Horace: The Satires

Book II: Satire VIII

Translated by A. S. Kline © Copyright 2005 All Rights Reserved

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BkIISatVIII:1-19 Nasidienus’ dinner-party

How was dinner with Nasidienus, the blessed?

Trying to get you as my guest yesterday I was told

You’d been drinking there since lunch-time. ‘Yes, and had

The time of my life.’ Tell me, if it’s no bother,

What dish was first to assuage your raging appetites?

‘The first was Lucanian wild-boar: caught, as the head

Of the feast kept saying, when a soft southerly blew.

Round it spiced turnips, lettuce, radishes, things that tease

A jaded palate, with water-parsnips, pickled-fish,

The lees of Coan wine. When they were cleared away

A girded lad wiped the maple board with a bright cloth,

While a second swept away whatever scraps remained

Or whatever might offend the diners: then in came

Dusky Hydaspes with the Caecuban wine, just like

An Attic maiden carrying Ceres’ sacred emblems,

And Alcon with a Chian needing no added brine.

Then said our host: “Maecenas, if Alban is more

Pleasing to you, or Falernian, well, we have both.”’

The miseries of riches! But Fundanius

I’m eager to know who enjoyed the meal with you.

Landscape with Ceres (Allegory of Earth)

‘Landscape with Ceres (Allegory of Earth)’
Jan Brueghel the Younger (Flemish, 1601 - 1678), Hendrik van Balen (Flemish, 1575 - 1632)
The Getty | Open Content Program

BkIISatVIII:20-41 The guests

‘I was there at the head, and next to me Viscus

From Thurii, and below him Varius if I

Remember correctly: then Servilius Balatro

And Vibidius, Maecenas’ shadows, whom he brought

With him. Above our host was Nomentanus, below

Porcius, that jester, gulping whole cakes at a time:

Nomentanus was by to point out with his finger

Anything that escaped our attention: since the rest

Of the crew, that’s us I mean, were eating oysters,

Fish and fowl, hiding far different flavours than usual:

Soon obvious for instance when he offered me

Fillets of plaice and turbot cooked in ways new to me.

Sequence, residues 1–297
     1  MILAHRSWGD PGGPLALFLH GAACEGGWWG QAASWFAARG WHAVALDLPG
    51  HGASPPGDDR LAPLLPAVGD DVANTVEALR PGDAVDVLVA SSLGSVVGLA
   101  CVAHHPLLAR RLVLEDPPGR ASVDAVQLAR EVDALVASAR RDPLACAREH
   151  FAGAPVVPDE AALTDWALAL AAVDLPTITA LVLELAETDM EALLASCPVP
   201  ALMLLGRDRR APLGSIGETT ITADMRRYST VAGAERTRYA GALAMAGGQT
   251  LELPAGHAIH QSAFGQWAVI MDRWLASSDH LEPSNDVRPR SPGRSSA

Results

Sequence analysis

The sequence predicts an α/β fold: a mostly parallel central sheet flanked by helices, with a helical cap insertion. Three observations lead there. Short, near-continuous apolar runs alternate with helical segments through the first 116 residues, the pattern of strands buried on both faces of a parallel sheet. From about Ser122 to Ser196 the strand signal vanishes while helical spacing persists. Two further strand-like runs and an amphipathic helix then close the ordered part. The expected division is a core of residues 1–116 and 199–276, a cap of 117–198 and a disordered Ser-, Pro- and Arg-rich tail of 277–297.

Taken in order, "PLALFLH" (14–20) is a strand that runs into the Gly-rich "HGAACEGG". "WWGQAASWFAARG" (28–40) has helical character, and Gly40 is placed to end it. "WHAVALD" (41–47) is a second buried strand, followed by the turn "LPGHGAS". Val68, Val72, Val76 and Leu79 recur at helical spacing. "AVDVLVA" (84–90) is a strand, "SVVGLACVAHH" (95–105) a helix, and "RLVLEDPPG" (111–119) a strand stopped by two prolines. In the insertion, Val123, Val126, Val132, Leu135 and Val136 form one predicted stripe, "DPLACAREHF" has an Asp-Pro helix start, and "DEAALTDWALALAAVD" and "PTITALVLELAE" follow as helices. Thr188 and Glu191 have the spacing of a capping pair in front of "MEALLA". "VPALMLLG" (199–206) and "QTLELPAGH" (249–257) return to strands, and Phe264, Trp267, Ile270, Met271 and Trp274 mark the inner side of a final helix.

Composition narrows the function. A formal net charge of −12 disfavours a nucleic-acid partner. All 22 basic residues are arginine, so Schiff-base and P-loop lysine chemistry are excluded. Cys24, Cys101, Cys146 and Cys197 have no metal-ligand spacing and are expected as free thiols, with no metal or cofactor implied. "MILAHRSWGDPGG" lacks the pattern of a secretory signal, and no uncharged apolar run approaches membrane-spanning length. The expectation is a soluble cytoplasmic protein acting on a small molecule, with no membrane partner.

Then he taught me that sweet apples were red when picked

By the light of a waning moon. What difference that makes

You’d be better asking him. Then Vibidius said

To Balatro: “We’ll die unavenged if we don’t drink him

Bankrupt”, and called for larger glasses. Then the host’s face

Went white, fearing nothing so much as hard drinkers,

Who abuse each other too freely, while fiery wines

Dull the palate’s sensitivity. Vibidius

And Balatro were tipping whole jugs full of wine

Into goblets from Allifae, the rest followed suit,

Only the guests on the lowest couch sparing the drink.’

BkIISatVIII:42-78 The trials of being a host

‘A lamprey arrived, stretched out on a dish with prawns

Swimming round it. The host said: “This was caught before

Spawning, after they spawn the flesh is inferior.”

The dressing’s mixed like this: Venafran oil, from the first

Pressing: fish sauce made with juice of the Spanish mackerel:

Five-year old wine, from Italian slopes not Greek ones,

Added while boiling (Chian is best for this after

Boiling, nothing better): white pepper, and without fail

Vinegar made from fermented Methymnian grapes.

I was first to proclaim that green rocket, and bitter

Elecampne be simmered there too: Curtillus

Adds unwashed sea-urchins, their juice is better than brine.”

While he was speaking the wall-hanging over it collapsed

Heavily onto the dish, dragging down more black dust

Than the North-wind blows from Campania’s fields.

We feared worse, but finding there was no subsequent

Danger, uncurled. Rufus wept, head bowed, as if his son

Had met an untimely fate. What would the outcome

Have been if Nomentanus the wise hadn’t rallied

His friend: “O Fortune, what deity treats us more

Cruelly than you? How you always delight in mocking

Human affairs!” Varius with a napkin barely

Smothered his laughter. Balatro who always sneers,

Said: “It’s the mortal condition, and the returns

Of fame will never prove equal to your efforts.

To think, that to entertain me in splendour, you

Should be strained and tormented by every anxiety,

Lest the bread’s burned, the dressing’s not properly seasoned,

Each slave’s correctly dressed, and groomed for serving!

And all the other risks, the wall-hanging falling,

As it did: or your servant slipping and breaking a dish.

But as with a general, so a host: adversity

Often reveals his genius, success conceals it.”

Nasidienus replied: “The gods grant you every blessing

You pray for! You’re a fine fellow, and a courteous guest!”

He called for his slippers. Then from each couch you heard

The murmur of whispers filling those attentive ears.’

BkIISatVIII:79-95 The guests disperse!

There’s no attraction I’d rather have watched: but say

What did you find to laugh at next? ‘While Vibidius,

Was questioning the servants as to whether the jug

Was broken too since the glasses hadn’t arrive as asked,

While we were laughing at tall stories, Balatro

Prompting, back you come, Nasiedenus, with smoother

Brow, ready to remedy mishap with art. Then boys

Follow bearing a vast dish containing crane’s legs,

Seasoned with plenty of salt, sprinkled with meal,

Plus the liver of a white goose fattened on rich figs,

And shoulder of hare on its own, reckoned more tasty

Than if eaten attached to the loin. We saw blackbird,

Then, the breast charred, and pigeon without the rump,

Delightful things if the host wasn’t full of their source

And nature: in revenge we fled from him, so as not

To taste them, as if Canidia had breathed on them

With a breath more deadly than African serpents.

End of Book II Satire VIII